March 9, 2020
As you are undoubtedly aware, the markets have been increasingly volatile over the past two weeks due to concerns about the potential economic impact of the coronavirus, reactions to the outcome of Democratic Primary on Super Tuesday, and, most recently, the negative outlook for oil prices.
The net result has been a significant pullback in global equity prices. While we are concerned about the overall short-term outlook in the markets, we hope to use this decline to identify attractive investments while also seeking to protect client assets within longer-term investment strategies.
In terms of the recent oil price movement, yesterday Saudi Arabia launched a price war after OPEC failed to agree on production cuts at an extraordinary meeting in Vienna last week. This action appears to be directed at Russia after it failed to unite with the cartel’s attempt at supporting crude prices weakened by the expected economic impact of COVID-19. The Kingdom plans to increase production to more than 10 billion barrels per day when the existing deal ends next month. It also offered its important customers a significant discount on the oil it produces in an attempt to maintain market share.
News of the plan caused energy prices to decline more than 20% – the largest drop since 1991. When the U.S. market opened this morning, New York Stock Exchange “circuit breakers” triggered when the S&P 500 fell 7% during the opening minutes of trading. The index ultimately ended the day off 7.6%.
The Japanese Nikkei-225 and Australian S&P/ASX 200 indices were down more than 5% and 7%, respectively. The Euro Stoxx 50 index fell more than 8%.
Markets are broadly in “risk-off” mode as the entire U.S. Treasury curve is trading below 1% for the first time. Gold is higher and heavy selling has hit the dollar. To ensure adequate liquidity for money market funds, the Federal Reserve announced a 50% increase to at least $150 billion in its overnight repo program through Thursday and also more than doubled two-week term repo to at least $45 billion.
Given these many factors, a few important things to remember include:
- We should brace ourselves for a period of extreme volatility as investors sort out the impact of the coronavirus on economic activity and the collateral damage that an oil price war could inflict on the U.S. energy industry.
- The Saudi move is not a new one. They launched a similar effort in 2014 to impose price discipline on the market in the face of rising U.S. shale production. It appears the Kingdom cannot afford to engage in a prolonged action, as their government finances will not support it. It is generally believed they need crude prices to be somewhere between $80-$85 per barrel to balance their budget.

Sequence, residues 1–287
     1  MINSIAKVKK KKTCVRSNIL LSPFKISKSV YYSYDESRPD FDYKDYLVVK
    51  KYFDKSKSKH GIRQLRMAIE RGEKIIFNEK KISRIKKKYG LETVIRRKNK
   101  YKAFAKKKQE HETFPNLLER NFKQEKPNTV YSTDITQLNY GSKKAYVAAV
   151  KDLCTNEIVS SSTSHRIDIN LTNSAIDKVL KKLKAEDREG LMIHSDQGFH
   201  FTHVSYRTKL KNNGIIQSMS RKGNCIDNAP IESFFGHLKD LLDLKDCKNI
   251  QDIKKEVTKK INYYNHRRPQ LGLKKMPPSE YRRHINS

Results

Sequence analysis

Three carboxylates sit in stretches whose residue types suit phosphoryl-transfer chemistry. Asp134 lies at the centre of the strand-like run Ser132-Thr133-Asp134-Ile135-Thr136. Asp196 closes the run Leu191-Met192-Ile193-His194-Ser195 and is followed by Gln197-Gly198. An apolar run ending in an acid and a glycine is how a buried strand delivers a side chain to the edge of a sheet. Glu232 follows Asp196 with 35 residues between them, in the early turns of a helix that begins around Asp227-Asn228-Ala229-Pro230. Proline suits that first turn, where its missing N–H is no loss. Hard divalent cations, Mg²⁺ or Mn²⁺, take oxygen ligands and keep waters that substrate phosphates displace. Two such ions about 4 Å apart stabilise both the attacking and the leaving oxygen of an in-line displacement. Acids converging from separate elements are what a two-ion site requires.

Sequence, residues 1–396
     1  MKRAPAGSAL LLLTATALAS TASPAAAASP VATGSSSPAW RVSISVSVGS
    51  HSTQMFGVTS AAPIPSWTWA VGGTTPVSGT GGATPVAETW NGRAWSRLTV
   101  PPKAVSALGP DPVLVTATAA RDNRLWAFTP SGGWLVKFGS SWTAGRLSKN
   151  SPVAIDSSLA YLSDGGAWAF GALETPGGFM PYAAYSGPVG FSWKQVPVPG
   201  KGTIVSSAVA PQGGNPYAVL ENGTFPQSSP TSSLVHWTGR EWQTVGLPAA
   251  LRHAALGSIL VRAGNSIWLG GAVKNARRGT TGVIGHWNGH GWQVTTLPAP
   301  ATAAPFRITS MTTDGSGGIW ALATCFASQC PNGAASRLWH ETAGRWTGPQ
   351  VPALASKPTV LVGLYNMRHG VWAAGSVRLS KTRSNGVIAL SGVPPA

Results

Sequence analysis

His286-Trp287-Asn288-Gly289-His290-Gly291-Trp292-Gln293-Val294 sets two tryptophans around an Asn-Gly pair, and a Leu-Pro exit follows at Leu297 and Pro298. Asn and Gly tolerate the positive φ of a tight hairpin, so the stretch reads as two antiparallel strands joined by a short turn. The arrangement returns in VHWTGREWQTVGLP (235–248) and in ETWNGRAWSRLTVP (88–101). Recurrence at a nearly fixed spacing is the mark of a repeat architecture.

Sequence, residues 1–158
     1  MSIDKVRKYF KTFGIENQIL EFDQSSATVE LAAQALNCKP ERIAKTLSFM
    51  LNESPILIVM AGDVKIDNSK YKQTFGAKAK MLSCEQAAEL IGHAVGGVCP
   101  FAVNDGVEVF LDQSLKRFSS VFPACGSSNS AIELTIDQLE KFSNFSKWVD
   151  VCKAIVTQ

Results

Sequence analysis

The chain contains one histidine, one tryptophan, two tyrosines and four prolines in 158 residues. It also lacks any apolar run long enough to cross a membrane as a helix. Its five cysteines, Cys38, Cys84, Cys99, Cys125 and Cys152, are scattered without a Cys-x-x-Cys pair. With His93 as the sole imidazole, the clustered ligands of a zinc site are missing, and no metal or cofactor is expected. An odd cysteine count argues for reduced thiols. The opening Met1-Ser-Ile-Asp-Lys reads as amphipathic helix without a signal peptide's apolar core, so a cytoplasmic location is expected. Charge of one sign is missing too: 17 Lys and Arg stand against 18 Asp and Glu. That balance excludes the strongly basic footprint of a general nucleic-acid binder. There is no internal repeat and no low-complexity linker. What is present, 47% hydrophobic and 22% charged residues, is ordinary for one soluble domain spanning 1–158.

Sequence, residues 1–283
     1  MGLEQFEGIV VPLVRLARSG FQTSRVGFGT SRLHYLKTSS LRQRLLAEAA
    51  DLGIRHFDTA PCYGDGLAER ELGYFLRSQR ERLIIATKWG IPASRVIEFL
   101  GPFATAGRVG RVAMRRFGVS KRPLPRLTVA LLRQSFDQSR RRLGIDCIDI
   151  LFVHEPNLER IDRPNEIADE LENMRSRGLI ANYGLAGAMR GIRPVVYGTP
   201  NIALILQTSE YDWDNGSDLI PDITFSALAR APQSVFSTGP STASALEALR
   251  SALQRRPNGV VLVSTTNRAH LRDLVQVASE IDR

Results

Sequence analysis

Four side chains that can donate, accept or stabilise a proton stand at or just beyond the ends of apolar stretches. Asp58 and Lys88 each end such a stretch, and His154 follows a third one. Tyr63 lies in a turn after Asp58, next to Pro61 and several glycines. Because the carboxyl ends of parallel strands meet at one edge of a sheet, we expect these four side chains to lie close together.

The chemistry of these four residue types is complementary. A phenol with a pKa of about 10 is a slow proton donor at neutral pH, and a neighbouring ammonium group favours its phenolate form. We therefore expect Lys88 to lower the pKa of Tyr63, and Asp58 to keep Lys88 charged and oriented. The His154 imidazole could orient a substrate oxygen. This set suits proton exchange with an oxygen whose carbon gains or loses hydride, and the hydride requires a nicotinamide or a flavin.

- This action will cause dislocation in the high-yield market. At a weighting of roughly 11% of the high-yield market, energy bonds have a material impact on this sector. Already a number of high-yield energy issues are trading at distressed prices. We continue to recommend a zero weight to high-yield bonds based on our long-standing concerns about the underwriting standards used in this sector of the fixed income complex. This is potentially a manifestation of those fears.
- We will likely hear calls for more interest rate cuts from the Federal Reserve and demands for a fiscal stimulus to support confidence and encourage consumption. This could help counter the commercial disruption from the epidemic and the collateral damage of an oil price war. The Federal Funds futures market is currently pricing three to four rate cuts over the remainder of this year.
- What is now unfolding is a demand shock (i.e. postponement of purchases) and not a financial shock like 2008, though it may feel like one. If consumption declines materially as epidemic-related mitigation efforts unfold, corporate profits could see significant, albeit temporary, declines.
- Consequently, markets will need time to consolidate around the recent lows. Indeed, large companies may follow their small cap brethren into bear market territory as uncertainty roils markets.
- We recommend refraining from buying in the dip at this point. We will likely see a number of bankruptcies in the energy sector and we could see distress in other sectors where credit underwriting was weak. A negative U.S. GDP report in Q2 is a real possibility.
- We are continuously searching for new opportunities that this selloff creates and are actively working on multiple ideas and themes to execute at the appropriate time.
As always, we will keep you informed of important developments and encourage you to reach out to your Investment Officer if you have any questions or concerns.